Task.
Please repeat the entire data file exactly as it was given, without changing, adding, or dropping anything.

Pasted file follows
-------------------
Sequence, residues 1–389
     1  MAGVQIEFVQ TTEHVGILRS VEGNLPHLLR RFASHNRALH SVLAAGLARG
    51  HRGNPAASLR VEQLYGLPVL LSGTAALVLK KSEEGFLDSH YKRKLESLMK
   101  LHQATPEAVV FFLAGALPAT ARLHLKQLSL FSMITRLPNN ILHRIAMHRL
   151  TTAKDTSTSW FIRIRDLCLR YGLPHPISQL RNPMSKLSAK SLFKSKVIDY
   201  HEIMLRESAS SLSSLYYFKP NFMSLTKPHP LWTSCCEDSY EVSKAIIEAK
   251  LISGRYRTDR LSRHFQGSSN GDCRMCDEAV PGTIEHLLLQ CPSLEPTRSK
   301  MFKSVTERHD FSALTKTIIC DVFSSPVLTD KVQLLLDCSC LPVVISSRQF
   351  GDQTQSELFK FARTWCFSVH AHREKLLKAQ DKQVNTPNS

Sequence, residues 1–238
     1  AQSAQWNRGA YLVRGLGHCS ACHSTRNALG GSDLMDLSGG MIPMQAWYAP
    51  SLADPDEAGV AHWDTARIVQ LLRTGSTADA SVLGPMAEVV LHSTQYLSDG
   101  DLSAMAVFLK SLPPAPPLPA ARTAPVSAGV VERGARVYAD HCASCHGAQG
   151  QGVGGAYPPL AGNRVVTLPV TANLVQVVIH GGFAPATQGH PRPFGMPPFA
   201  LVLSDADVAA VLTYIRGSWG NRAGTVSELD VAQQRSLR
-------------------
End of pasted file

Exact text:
Sequence, residues 1–389
     1  MAGVQIEFVQ TTEHVGILRS VEGNLPHLLR RFASHNRALH SVLAAGLARG
    51  HRGNPAASLR VEQLYGLPVL LSGTAALVLK KSEEGFLDSH YKRKLESLMK
   101  LHQATPEAVV FFLAGALPAT ARLHLKQLSL FSMITRLPNN ILHRIAMHRL
   151  TTAKDTSTSW FIRIRDLCLR YGLPHPISQL RNPMSKLSAK SLFKSKVIDY
   201  HEIMLRESAS SLSSLYYFKP NFMSLTKPHP LWTSCCEDSY EVSKAIIEAK
   251  LISGRYRTDR LSRHFQGSSN GDCRMCDEAV PGTIEHLLLQ CPSLEPTRSK
   301  MFKSVTERHD FSALTKTIIC DVFSSPVLTD KVQLLLDCSC LPVVISSRQF
   351  GDQTQSELFK FARTWCFSVH AHREKLLKAQ DKQVNTPNS

Sequence, residues 1–238
     1  AQSAQWNRGA YLVRGLGHCS ACHSTRNALG GSDLMDLSGG MIPMQAWYAP
    51  SLADPDEAGV AHWDTARIVQ LLRTGSTADA SVLGPMAEVV LHSTQYLSDG
   101  DLSAMAVFLK SLPPAPPLPA ARTAPVSAGV VERGARVYAD HCASCHGAQG
   151  QGVGGAYPPL AGNRVVTLPV TANLVQVVIH GGFAPATQGH PRPFGMPPFA
   201  LVLSDADVAA VLTYIRGSWG NRAGTVSELD VAQQRSLR